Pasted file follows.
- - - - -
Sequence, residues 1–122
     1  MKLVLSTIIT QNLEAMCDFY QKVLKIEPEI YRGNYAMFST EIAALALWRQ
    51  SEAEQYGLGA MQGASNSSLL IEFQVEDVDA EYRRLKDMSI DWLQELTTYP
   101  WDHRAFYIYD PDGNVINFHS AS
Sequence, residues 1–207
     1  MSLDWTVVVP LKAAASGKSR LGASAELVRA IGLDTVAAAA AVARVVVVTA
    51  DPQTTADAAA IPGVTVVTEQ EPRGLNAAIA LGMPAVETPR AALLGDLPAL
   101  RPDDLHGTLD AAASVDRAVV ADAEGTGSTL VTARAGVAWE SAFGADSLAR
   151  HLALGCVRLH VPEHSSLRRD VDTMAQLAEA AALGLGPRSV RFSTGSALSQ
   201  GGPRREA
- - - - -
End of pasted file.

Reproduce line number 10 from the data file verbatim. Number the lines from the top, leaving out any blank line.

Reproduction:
   201  GGPRREA